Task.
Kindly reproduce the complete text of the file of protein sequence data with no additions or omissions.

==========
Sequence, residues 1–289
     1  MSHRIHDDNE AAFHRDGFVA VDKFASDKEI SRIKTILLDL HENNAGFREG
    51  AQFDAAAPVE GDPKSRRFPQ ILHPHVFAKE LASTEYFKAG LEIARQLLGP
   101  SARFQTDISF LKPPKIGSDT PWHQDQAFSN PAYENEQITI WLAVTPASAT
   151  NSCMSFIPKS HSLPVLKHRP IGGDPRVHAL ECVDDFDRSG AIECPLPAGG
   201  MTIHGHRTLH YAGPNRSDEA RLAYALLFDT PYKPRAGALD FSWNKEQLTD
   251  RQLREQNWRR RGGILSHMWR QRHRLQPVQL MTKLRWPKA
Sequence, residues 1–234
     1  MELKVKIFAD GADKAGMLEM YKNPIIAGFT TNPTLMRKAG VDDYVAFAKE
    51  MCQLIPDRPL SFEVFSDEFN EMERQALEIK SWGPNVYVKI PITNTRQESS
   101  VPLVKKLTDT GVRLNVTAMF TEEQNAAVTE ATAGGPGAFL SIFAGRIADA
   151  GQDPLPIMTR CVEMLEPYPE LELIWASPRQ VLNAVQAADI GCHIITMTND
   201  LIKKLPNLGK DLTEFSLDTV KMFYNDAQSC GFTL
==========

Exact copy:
Sequence, residues 1–289
     1  MSHRIHDDNE AAFHRDGFVA VDKFASDKEI SRIKTILLDL HENNAGFREG
    51  AQFDAAAPVE GDPKSRRFPQ ILHPHVFAKE LASTEYFKAG LEIARQLLGP
   101  SARFQTDISF LKPPKIGSDT PWHQDQAFSN PAYENEQITI WLAVTPASAT
   151  NSCMSFIPKS HSLPVLKHRP IGGDPRVHAL ECVDDFDRSG AIECPLPAGG
   201  MTIHGHRTLH YAGPNRSDEA RLAYALLFDT PYKPRAGALD FSWNKEQLTD
   251  RQLREQNWRR RGGILSHMWR QRHRLQPVQL MTKLRWPKA
Sequence, residues 1–234
     1  MELKVKIFAD GADKAGMLEM YKNPIIAGFT TNPTLMRKAG VDDYVAFAKE
    51  MCQLIPDRPL SFEVFSDEFN EMERQALEIK SWGPNVYVKI PITNTRQESS
   101  VPLVKKLTDT GVRLNVTAMF TEEQNAAVTE ATAGGPGAFL SIFAGRIADA
   151  GQDPLPIMTR CVEMLEPYPE LELIWASPRQ VLNAVQAADI GCHIITMTND
   201  LIKKLPNLGK DLTEFSLDTV KMFYNDAQSC GFTL